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      1. You said it perfectly! I can’t imagine dealing with losing Minnie and still be boozing. A clear mind can be difficult in times like these, but I really needed to deal with it, with that clear mind. So thankful for this group for encouragement! I’m missing her so, but now have some smiles remembering the good old times with her. Much history in near 14yrs to remember. Thank you for being a good friend! 😃❤️

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  4. Love this post and the self reflection, it gives a lot of hope to people at the start of their journey like myself. Congratulations on nearly 9 months that’s amazing. So pleased to hear it’s worthwhile. You’ve hit the nail on the head with each small positive change being like a building brick xx

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  5. Good morning Claire, I stumbled upon your blog through another blog.. (have to go backwards to figure that out now…) but I am delighted to have discovered your journey. Your nine months is like a decade compared to my paltry 47 days, but I think when you were at 47 days, maybe it felt like as huge a hurdle as 9 months? I am also journalling through a blog, but it’s pretty quiet and that’s ok! I find so much support in discovering brave women like you. I am 54 and trying this journey for the first time, whilst living in a community of full on active wine moms. It hasn’t been awful; COVID has helped keep us all from socializing and such so I think that’s been the reason for my success haha! Anyway, I’ll quit babbling, but I look forward to digging backwards in your journey :).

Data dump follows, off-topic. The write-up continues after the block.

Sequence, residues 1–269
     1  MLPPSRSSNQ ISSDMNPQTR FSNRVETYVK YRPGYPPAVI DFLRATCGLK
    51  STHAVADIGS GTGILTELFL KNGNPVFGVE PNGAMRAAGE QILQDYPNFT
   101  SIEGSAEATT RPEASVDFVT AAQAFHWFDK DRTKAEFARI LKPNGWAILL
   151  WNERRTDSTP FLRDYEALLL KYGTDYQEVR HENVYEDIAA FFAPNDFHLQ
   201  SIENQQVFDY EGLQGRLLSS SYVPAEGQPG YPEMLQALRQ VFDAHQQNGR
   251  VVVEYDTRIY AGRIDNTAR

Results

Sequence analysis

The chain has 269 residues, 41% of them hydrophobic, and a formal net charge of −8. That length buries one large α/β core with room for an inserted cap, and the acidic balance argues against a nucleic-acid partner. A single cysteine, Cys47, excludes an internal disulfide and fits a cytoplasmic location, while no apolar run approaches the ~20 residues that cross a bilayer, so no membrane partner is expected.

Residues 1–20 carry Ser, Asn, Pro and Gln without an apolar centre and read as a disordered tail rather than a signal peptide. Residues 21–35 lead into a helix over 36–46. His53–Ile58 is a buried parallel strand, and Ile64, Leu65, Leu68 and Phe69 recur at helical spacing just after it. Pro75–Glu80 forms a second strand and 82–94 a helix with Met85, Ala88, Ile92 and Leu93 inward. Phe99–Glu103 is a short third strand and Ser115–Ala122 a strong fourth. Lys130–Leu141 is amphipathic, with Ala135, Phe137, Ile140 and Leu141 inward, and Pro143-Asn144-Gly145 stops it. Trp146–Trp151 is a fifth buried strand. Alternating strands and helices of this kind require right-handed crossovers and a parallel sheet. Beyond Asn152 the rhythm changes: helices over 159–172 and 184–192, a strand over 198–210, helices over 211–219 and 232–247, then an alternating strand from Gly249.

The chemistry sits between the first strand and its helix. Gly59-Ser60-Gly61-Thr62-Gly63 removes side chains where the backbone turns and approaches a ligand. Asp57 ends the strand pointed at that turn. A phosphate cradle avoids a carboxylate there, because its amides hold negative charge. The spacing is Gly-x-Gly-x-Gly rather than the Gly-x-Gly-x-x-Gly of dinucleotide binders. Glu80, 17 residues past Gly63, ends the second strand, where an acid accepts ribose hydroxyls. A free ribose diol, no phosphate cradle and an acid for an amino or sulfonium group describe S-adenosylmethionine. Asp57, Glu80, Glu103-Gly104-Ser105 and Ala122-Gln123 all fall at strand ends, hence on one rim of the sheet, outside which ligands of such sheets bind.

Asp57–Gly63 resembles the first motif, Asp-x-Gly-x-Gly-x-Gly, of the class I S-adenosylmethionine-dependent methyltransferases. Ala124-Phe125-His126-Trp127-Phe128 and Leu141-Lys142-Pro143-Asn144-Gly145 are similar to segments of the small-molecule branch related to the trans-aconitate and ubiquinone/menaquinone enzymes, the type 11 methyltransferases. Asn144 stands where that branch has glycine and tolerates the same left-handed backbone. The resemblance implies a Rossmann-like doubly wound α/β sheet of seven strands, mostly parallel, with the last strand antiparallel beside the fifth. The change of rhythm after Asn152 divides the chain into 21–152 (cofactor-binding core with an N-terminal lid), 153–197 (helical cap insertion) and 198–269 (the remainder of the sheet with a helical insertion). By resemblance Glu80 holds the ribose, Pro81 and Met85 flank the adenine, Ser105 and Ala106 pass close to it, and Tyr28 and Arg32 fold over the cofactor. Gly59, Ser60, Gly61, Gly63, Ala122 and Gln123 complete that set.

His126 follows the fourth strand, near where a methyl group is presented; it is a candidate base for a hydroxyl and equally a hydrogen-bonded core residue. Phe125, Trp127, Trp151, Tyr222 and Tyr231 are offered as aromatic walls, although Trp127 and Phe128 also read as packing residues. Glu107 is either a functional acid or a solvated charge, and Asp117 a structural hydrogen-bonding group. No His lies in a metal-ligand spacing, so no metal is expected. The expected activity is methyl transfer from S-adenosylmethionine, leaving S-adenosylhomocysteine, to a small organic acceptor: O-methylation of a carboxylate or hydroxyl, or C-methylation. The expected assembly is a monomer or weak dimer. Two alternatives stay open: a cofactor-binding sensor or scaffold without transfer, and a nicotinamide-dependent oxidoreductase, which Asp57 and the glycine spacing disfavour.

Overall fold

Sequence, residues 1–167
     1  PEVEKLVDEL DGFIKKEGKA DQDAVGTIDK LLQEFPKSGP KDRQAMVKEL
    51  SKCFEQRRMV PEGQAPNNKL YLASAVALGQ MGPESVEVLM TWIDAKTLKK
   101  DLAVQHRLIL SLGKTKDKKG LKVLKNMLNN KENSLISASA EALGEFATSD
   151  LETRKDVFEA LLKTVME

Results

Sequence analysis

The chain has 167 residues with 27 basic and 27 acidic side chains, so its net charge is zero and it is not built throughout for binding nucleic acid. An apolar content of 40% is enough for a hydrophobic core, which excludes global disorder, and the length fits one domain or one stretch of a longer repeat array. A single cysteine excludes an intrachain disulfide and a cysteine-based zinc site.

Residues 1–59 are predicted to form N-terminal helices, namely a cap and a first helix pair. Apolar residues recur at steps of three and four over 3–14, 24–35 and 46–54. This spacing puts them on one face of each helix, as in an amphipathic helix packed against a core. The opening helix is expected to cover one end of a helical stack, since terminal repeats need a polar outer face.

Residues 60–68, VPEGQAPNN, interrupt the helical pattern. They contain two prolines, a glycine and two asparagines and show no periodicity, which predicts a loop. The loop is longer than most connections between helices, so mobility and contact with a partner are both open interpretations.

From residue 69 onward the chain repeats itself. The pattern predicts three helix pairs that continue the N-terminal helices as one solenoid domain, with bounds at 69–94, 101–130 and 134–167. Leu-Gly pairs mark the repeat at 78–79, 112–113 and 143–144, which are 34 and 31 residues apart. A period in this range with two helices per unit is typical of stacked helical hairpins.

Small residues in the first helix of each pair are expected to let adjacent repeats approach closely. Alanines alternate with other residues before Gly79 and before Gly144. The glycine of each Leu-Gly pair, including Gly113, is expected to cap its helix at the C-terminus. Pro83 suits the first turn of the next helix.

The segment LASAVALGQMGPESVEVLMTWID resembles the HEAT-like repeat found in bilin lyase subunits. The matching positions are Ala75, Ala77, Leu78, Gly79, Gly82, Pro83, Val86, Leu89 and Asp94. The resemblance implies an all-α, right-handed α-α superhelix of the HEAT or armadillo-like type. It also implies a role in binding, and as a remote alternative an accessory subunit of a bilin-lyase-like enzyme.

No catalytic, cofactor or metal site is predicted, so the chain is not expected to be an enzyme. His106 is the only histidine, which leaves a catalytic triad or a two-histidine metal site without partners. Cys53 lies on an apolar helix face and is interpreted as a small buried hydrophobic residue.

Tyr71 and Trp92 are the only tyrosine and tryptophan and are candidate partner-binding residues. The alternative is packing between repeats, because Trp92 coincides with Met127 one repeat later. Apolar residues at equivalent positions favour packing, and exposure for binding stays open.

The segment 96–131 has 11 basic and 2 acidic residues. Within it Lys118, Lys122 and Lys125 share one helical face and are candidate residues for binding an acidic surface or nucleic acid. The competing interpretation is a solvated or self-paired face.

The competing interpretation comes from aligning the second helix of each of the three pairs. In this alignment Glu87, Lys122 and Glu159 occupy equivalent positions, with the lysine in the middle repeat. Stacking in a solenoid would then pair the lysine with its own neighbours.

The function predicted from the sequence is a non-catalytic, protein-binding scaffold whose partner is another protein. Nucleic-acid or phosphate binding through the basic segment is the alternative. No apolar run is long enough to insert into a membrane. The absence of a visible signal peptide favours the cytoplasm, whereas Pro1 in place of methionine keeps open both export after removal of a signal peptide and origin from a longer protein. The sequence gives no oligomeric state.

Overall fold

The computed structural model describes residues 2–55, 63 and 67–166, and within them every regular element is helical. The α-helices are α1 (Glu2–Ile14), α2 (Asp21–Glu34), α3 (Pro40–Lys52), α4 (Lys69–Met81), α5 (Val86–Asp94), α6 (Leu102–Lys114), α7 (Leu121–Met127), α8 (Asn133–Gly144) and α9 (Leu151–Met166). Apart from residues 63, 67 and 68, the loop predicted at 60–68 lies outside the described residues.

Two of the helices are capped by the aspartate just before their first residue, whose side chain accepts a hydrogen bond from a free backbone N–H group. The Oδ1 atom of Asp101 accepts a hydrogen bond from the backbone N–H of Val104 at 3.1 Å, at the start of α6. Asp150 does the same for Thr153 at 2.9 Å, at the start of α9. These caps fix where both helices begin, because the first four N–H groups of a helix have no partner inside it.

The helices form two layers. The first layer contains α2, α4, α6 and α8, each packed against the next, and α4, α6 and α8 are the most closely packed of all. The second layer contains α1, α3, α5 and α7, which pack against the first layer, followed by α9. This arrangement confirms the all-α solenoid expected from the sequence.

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    1. Hi Ronda, so sorry for late reply. Your comment went into spam for some reason so I didn’t see it until now. Good for you and congrats on 47 days sober. Not paltry at all, really impressive and well done. Keep blogging and commenting. Thanks for your lovely words x

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  6. Holy Guacamole Claire 🙂 CONGRATULATIONS on 9 months and on this beautiful post. It felt like you were reading my mind and putting it all to words 🙂 I am so happy you/we’ve come this far. ❤ Remembering BS is soooooo important, thanks for the reminder ❤ xxx Anne

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    1. Thanks for the congrats Anne. It’s so easy to forget where we were back then. Not saying it’s all roses right now but life is always going to be that way and it’s the way I handle and deal with it all that’s makes the difference. We all have to remember a bit of BS don’t we? ❤️❤️